FDI supports nearly 14 million American jobs, and it is responsible for $370 billion in U.S. goods exports. The U.S. has more FDI than any other country, topping $4 trillion.

(Courtesy of Made in Alabama)

A ‘Story Worth Sharing’: Yellowhammer News and Serquest partner to award monthly grants to Alabama nonprofits

Christmas is the season of giving, helping others and finding magic moments among seemingly ordinary (and occasionally dreary) days. What better way to welcome this season than to share what Alabamians are doing to help others?

Yellowhammer News and Serquest are partnering to bring you, “A Story Worth Sharing,” a monthly award given to an Alabama based nonprofit actively making an impact through their mission. Each month, the winning organization will receive a $1,000 grant from Serquest and promotion across the Yellowhammer Multimedia platforms.

Yellowhammer and Serquest are looking for nonprofits that go above and beyond to change lives and make a difference in their communities.

Already have a nonprofit in mind to nominate? Great!

Get started here with contest guidelines and a link to submit your nomination:

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Nominations are now open and applicants only need to be nominated once. All non-winning nominations will automatically be eligible for selection in subsequent months. Monthly winners will be announced via a feature story that will be shared and promoted on Yellowhammer’s website, email and social media platforms.

Submit your nomination here.

Our organizations look forward to sharing these heartwarming and positive stories with you over the next few months as we highlight the good works of nonprofits throughout our state.

Serquest is an Alabama based software company founded by Hammond Cobb, IV of Montgomery. The organization sees itself as, “Digital road and bridge builders in the nonprofit sector to help people get where they want to go faster, life’s purpose can’t wait.”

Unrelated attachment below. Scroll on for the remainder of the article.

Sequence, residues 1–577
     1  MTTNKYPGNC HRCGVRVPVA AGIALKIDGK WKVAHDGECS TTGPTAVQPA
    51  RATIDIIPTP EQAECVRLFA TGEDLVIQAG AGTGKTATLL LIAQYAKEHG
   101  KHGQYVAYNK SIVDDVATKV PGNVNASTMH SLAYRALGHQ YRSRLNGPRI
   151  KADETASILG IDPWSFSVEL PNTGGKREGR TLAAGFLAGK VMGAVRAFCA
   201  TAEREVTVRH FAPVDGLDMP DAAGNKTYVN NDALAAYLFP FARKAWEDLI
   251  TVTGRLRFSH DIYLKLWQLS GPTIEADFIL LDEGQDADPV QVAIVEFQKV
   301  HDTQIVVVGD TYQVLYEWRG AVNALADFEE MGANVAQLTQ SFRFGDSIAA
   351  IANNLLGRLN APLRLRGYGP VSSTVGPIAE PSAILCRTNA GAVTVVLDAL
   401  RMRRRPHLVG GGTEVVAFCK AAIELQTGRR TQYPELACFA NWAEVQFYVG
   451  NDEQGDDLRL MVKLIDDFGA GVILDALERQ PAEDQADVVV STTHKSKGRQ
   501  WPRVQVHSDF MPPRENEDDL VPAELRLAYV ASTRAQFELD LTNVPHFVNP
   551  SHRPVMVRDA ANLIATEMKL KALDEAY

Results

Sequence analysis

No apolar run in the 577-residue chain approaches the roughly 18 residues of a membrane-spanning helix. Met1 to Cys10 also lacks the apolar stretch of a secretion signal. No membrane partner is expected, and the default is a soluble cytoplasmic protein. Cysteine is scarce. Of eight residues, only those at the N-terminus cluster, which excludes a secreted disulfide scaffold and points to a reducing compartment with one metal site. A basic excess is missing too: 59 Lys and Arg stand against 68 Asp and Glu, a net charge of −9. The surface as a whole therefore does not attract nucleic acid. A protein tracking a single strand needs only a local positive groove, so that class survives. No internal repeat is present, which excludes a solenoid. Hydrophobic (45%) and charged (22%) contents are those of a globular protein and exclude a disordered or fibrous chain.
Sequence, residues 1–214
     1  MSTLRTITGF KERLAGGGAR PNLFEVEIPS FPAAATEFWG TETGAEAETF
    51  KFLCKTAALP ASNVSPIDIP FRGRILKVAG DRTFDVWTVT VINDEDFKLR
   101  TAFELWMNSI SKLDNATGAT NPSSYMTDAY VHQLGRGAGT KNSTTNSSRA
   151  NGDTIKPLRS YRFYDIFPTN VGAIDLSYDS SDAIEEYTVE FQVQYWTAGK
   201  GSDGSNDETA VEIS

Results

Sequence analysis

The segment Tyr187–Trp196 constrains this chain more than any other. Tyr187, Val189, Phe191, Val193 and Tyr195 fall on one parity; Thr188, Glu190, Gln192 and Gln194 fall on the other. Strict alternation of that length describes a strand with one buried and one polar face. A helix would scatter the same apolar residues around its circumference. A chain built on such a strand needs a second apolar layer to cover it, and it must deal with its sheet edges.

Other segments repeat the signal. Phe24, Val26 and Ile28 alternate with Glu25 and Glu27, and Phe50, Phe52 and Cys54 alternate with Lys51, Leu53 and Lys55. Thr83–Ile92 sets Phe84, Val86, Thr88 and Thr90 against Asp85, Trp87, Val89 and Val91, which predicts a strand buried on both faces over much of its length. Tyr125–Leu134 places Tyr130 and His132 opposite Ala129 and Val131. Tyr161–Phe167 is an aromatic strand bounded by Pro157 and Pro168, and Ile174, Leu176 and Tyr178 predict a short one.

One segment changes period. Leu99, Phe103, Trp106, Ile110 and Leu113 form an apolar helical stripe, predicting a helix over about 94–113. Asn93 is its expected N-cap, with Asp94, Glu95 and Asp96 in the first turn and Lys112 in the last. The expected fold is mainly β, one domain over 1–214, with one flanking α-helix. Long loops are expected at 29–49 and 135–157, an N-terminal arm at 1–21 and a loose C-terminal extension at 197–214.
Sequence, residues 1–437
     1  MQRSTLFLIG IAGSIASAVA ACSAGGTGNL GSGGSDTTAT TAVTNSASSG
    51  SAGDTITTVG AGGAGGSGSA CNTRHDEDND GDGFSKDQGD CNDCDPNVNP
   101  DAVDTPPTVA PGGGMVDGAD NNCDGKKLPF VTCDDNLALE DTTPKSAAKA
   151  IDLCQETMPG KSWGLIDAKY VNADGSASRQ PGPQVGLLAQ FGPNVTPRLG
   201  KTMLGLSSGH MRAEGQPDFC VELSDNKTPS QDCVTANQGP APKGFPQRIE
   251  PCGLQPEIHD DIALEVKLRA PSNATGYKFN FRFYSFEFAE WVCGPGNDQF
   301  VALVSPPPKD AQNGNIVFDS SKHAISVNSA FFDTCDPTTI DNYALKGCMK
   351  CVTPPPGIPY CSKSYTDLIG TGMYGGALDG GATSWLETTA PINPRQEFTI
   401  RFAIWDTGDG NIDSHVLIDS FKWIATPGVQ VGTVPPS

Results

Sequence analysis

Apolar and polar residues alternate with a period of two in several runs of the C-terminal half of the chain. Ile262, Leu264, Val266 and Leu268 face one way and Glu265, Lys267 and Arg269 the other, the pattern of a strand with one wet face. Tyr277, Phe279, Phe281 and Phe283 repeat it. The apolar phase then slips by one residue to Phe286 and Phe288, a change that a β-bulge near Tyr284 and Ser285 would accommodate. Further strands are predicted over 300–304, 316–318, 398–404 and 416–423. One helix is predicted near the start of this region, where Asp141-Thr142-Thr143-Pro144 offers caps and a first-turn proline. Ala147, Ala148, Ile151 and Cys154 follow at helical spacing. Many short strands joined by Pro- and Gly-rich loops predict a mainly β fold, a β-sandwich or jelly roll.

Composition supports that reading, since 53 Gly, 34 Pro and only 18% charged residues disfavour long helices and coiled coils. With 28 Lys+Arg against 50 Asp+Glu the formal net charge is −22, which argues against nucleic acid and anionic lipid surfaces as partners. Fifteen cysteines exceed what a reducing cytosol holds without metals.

Learn more about Serquest here.

15 hours ago

Alabama Power wins Electric Edison Institute awards for power restoration efforts following Hurricane Michael

The Edison Electric Institute (EEI) awarded Alabama Power with the EEI “Emergency Assistance Award” and the  “Emergency Recovery Award” for its outstanding power restoration efforts after Hurricane Michael hit Alabama, Georgia, and Florida in October 2018.
The Emergency Assistance Award and Emergency Recovery Award are given to EEI member companies to recognize their efforts to assist other electric companies’ power restoration efforts, and for their own extraordinary efforts to restore power to customers after service disruptions caused by severe weather conditions or other natural events. The winners are chosen by a panel of judges following an international nomination process.

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Alabama Power received the awards during the EEI 2019 annual conference.

Alabama Power’s extraordinary efforts were instrumental to restoring service for customers across Alabama, Georgia, and Florida quickly and safely,” said EEI President Tom Kuhn. “We are pleased to recognize the dedicated crews from Alabama Power for their work to restore service in hazardous conditions and to assist neighboring electric companies in their times of need.”

Hurricane Michael, the strongest storm to make landfall during the 2018 hurricane season, was a Category 5 hurricane with peak winds of 160 mph. The storm hit Mexico Beach, Fla., on October 10 before being downgraded to a tropical storm and traveling northeast through Georgia and several Mid-Atlantic states. Alabama Power sent more than 1,400 lineworkers and 700 trucks to help restore service to customers over the course of two and a half months.

Hurricane Michael also resulted in 89,438 service outages in Alabama Power’s territory. Due to their tireless work, Alabama Power’s crews restored power to 100 percent of customers within four days after the storm, dedicating more than 124-thousand hours to the recovery.

(Courtesy of Alabama NewsCenter)